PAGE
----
It's been weeks since eyewitnesses reported that Maj. Nidal Hasan shouted "Allahu akbar" before spraying Fort Hood with gunfire, killing 13 people.
Since then we also learned that Hasan gave a medical lecture on beheading infidels and pouring burning oil down their throats (unfortunately not covered under the Senate health care bill). Some wondered if perhaps a pattern was beginning to emerge but were promptly dismissed as racist cranks.
We also found out Hasan had business cards printed up with the jihadist abbreviation "SOA" for "Soldier of Allah." Was that enough to conclude that the shooting was an act of terrorism -- or does somebody around here need to take another cultural sensitivity class?
And we know that Hasan had contacted several jihadist Web sites and that he had been exchanging e-mails with a radical Islamic cleric in Yemen. The FBI learned that last December, but the rest of us only found out about it a week ago.
Is it still too soon to come to the conclusion that the Fort Hood shooting was an act of terrorism?
Alas, it is still too early to tell at MSNBC. For Keith Olbermann, Rachel Maddow and Chris Matthews -- at least two of whom would be severely punished under Shariah law -- the shooting of George Tiller was an act of terrorism, no question. The death of a census taker in Kentucky was also an act of terrorism. (We learned this week that it was a suicide/insurance scam.) But as to Maj. Hasan, the jury is still out -- and will be out for many, many years.
Actually, according to Keith, the Fort Hood massacre may not have happened at all. He has argued persuasively, on several occasions, that it is impossible, literally impossible, to commit mass murder at a military base.
Like many on the left, Keith loved to sneer at all terrorist plots allegedly foiled by the Bush administration. He was particularly contemptuous of the purported plan of six aspiring jihadists to sneak onto the Fort Dix army base and kill as many soldiers as they could.
On Nov. 11, 2008, he explained why the Fort Dix terrorist plot was a laughable fraud, saying the "morons" apparently didn't realize that "all the soldiers have these big guns."
Keith, the moron, apparently doesn't realize that on military bases on U.S. soil only MPs have guns. (Special authorization is required for soldiers to carry a firearm, which can be granted only in the case of a specific and credible threat against military personnel in that region. Thank you, Bill Clinton.)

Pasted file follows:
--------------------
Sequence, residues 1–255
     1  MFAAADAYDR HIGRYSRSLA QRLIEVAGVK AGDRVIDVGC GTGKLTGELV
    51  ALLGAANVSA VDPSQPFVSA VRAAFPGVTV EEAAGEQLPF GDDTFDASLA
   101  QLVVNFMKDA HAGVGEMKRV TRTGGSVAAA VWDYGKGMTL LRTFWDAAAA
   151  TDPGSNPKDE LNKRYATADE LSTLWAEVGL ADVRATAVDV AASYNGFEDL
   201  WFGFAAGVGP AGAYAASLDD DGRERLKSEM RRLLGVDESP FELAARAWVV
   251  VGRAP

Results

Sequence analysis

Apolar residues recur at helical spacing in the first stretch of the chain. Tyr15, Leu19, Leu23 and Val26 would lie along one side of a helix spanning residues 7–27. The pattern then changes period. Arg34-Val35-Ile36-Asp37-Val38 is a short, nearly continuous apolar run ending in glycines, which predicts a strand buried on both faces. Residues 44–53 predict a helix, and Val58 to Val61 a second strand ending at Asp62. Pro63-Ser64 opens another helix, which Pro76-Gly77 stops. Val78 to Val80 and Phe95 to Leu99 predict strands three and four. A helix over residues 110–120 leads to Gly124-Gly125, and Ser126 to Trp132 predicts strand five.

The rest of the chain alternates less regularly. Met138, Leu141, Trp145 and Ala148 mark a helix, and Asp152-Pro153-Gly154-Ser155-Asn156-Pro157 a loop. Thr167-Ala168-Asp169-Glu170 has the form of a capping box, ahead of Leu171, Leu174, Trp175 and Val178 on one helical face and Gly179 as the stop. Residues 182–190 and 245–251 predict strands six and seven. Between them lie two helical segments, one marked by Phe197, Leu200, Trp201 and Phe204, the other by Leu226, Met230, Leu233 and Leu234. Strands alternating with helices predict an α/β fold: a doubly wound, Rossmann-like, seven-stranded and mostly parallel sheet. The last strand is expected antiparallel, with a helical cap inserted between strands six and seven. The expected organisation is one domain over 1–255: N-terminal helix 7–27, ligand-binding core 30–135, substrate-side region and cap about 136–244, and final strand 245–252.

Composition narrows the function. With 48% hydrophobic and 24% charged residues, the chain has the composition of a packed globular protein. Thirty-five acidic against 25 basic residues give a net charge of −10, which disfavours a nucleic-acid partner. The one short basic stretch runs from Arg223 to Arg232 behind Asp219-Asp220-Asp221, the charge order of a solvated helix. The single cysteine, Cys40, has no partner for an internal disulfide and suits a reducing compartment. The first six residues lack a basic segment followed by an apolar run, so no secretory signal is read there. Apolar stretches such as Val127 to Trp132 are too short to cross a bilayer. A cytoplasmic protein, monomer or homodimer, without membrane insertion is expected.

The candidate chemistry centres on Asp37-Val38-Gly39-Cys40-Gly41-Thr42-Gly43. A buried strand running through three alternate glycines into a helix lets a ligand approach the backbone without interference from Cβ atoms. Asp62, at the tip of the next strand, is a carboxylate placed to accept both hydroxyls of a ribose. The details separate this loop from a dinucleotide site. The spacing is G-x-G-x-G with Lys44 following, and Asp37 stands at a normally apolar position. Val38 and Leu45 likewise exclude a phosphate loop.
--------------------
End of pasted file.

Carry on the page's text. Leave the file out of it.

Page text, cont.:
Again on May 21 this year, Olbermann ridiculed the Fort Dix terror plot, pointing out that the six alleged terrorists seemed to be "forgetting that every man there was armed."(Curiously, even though ROTC was offered at the ag school Keith attended, he appears not to have investigated it.)
But it was not until Aug. 21 of this year that Olbermann hit upon the true reason for the Bush administration's hyping of this implausible terror plot. According to Keith -- and I'm not kidding -- it was to distract from Kansas Gov. Kathleen Sebelius' announcement that her state had been unable to respond adequately to a tornado because Bush had diverted the National Guard to his crazy war in Iraq!
The Bush administration, you see, had revealed the arrest of the Fort Dix conspirators the day after Sebelius' world-reverberating bombshell about Kansas' decimated National Guard! Eureka!
This little theory of Keith's, adorable though it is, has problems apart from his insistence that it would be impossible to kill army personnel on "a closed compound full of trained soldiers with weapons." The other problem is Gov. Sebelius was full of crap.
First, Sebelius wasn't in much of a position to know how well Kansas responded to the tornado, inasmuch as she had been partying at New Orleans' Jazzfest the day after the tornado hit -- while Kansas Sen. Pat Roberts and both local congressmen were on the scene, helping the rescue efforts.
Second, the manager of the actual rescue team soon contradicted Sebelius, saying: "We have all the staff that we need and can manage at this time. If we had more people right now, it would just start being a cluster."
The Kansas National Guard had 352 Humvees, 72 dump trucks and more than 320 other trucks, which would seem to be sufficient for the town hit by the tornado, Greensburg, Kan., population 1,574. That's almost one National Guard truck for every two people. (This is the same tornado that Obama claimed had killed 10,000 people. He was off by 9,988.)
Third, it turned out that Gov. Sebelius had rejected offers of additional help from neighboring National Guard units.
Consequently, the day after her dramatic cri de coeur for more National Guard resources, Sebelius' office completely reversed course, telling The Associated Press that the rescue efforts were going "just fine."
What the governor had meant, her office explained, was that Kansas' National Guard might be stretched thin if, hypothetically, another natural disaster were to strike immediately after the tornado.
Keith, unfortunately, was unaware of Sebelius' humiliating about-face, as it was not carried on Daily Kos.
Last December, five of the Fort Dix plotters were found guilty by a federal jury of conspiring to kill American soldiers. The sixth had already pleaded guilty.
Still, compare the macho posturing of the Bush administration over thwarting the Fort Dix terror plot to the masterful handling of domestic terrorist plots since the angel Obama has taken the helm. Why, the Obama administration managed to capture and arrest Maj. Hasan without violating a single American's civil liberties!
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